→ Heimdall’s power of perception. It doesn’t make complete sense to me that Heimdell couldn’t see the Dark Elves. It tracks that he was unable to see Jane once she was possessed by the Aether, but what is it about the Dark Elves that made them impossible for Heimdall to see and track? If it was explained in the movie, I missed it.
→ Too many characters. I have nothing against Chris O’Dowd, but I don’t know why we spent so much time on Richard, a character that had nothing to do with the plot. He was funny, and ultimately too good for Jane, so I don’t dislike him, either.
Loki was incarcerated in a pretty swanky cell. His neighbor was probably Lucille Bluth.
→ The Infinity Stones. In the mid-credits scene, Sif and Volstagg reveal that the Aether is an Infinity Stone… as is the Tesseract of Phase 1. They bring it to The Collector, saying that they can’t keep it on Asgard because they possess the Tesseract, and two Infinity Stones shouldn’t be stored so close together. Why they trust The Collector, I have no idea. As soon as they’re out of earshot, he says “One down, five to go.” I hope they doubled security on the vault holding the Tesseract. (If we never see Benicio del Toro, who plays The Collector, say “Where is the stooone?” as he did in Snatch, I will be one very unhappy fangirl.)
→ Thor lives on Earth. Cameos! Earthly shenanigans! General Thor-ish mayhem! I wish Marvel was in the business of doing digital shorts of the Avengers doing mundane things. How I’d love to see Thor at the laundromat, or in a movie theater, or at the grocery store buying frozen pizza and toilet paper.
→ Loki lives. I’m putting this under “promising” instead of “questionable” because I think it promises to be an entertaining story. He’s disguised as Odin, and he’s taken over the throne of Asgard, but that doesn’t necessarily mean he’s committed patricide. I’m looking forward to more of Loki’s tricks–oh sorry, illusions. His illusions.
→ Cap’s cameo was definitely the biggest laugh in my theater. Chris Evans nailed that, especially “God bless America!”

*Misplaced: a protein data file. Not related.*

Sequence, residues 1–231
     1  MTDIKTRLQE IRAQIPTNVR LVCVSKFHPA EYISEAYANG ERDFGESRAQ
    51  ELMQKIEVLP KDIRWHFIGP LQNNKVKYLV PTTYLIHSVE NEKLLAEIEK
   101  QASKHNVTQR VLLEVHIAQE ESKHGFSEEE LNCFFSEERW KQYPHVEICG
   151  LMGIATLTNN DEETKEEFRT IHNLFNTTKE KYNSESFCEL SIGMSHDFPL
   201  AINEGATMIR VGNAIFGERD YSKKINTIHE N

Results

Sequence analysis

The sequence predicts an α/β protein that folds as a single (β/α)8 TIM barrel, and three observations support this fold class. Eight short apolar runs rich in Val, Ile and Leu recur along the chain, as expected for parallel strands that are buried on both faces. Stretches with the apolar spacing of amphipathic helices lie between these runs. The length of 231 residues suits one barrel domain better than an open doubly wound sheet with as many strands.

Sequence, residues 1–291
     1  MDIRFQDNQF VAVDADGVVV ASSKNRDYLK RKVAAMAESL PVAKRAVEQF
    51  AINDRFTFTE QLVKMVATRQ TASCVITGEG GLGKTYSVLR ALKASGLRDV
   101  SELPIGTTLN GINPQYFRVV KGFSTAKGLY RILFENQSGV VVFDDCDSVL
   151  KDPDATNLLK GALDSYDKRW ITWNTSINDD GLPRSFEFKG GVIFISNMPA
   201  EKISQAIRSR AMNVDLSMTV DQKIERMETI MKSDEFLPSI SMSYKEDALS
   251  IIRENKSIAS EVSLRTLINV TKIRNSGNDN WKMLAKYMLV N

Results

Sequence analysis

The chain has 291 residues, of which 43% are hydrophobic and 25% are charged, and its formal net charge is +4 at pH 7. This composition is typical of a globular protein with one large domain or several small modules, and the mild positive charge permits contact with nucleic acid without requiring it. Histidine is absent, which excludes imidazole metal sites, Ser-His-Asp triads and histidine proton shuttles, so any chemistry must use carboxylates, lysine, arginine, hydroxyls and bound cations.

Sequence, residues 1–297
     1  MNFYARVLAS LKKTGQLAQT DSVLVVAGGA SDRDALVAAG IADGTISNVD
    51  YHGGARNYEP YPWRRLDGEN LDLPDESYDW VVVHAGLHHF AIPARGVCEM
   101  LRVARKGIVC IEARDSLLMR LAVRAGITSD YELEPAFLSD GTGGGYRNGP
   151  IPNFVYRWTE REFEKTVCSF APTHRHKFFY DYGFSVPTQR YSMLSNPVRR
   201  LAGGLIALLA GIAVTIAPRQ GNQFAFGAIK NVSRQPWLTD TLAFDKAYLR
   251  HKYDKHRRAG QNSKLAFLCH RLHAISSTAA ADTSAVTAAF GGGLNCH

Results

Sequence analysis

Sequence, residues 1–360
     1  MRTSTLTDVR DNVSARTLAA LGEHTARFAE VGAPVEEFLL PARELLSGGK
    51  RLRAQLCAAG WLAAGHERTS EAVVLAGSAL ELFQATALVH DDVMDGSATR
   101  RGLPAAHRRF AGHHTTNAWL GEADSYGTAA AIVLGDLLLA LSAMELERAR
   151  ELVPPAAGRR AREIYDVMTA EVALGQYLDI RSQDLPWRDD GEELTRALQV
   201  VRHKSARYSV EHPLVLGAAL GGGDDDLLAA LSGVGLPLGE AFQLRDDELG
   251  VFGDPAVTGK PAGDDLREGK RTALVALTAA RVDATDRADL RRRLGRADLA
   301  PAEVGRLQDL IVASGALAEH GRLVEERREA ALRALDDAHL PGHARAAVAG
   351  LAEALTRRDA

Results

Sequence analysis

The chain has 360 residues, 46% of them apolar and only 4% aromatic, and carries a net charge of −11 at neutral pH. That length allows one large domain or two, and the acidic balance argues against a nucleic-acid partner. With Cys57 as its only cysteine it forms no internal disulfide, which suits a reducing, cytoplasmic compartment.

→ When Ian the intern throws the keys into the weird other-dimensional portal, nearly everyone in the audience yelled “Not the keys!” It was almost like a scene straight from Friends.
→ Darcy: “So, how is space?” Thor: “Space is good.”
→ When the dungeons are breached, and Thor hears the alarm, he leaps off the balcony and goes completely horizontal before catching Mjolnir and beaming away. It’s a glorious bit of SFX.
→ Loki: “Try pressing the buttons gently.” Thor: *mashing all of the buttons* “I am pressing gently!”
→ The scene where Thor accompanies Jane to her flat in London and he hangs up Mjolnir on her hat rack. It earned a huge laugh in my theater.
My theory is that Marvel decided Thor 2 needed to end in a certain place in order for Phase 2 to flow smoothly. I’m willing to bet that Loki is alive because they recognize they have a cash cow in him. He will continue to play trickster, but Loki will probably not be the main villain in any more films, at least not for this Phase. He might still assist with the villains, like Thanos, but he will not be the main bad guy.
I also think that nuggets of Thor/Sif (and Sif’s mistrust of Jane) were placed in the film to lay a foundation for that relationship. I think Marvel and Thor’s writers recognize that Jane’s not a great endgame, but they couldn’t kill her off in this film because they can’t have Thor on a grief arc in The Avengers: Age of Ultron. Maybe they will kill Jane then, or maybe Thor and Jane will finally spend more than a day together and recognize their differences (and lack of chemistry) and part ways amicably. It will also enable Thor to be on Earth for future Avengers shenanigans without having to come up with vague references to dark matter and portals. Really, if you look at it as a set of points, this movie makes sense if the beginning is Point B and the end is Point C. They needed Thor to be on Earth, relatively happy, and on good terms with his father (seemingly), and they needed Loki to be alive. Everything else that happened in this movie, character-wise, was just filler.
We’ll see if I’m right. Like I said, these are just my theories.
I’ll close with this: I can’t wait for Captain America: The Winter Soldier. I am hoping it’s every bit a political thriller as it appears to be, and I think that will be a fantastic and grounding movie for this huge Marvel franchise. How fitting that it will be released between the two other-worldly fantasy films! April can’t come fast enough.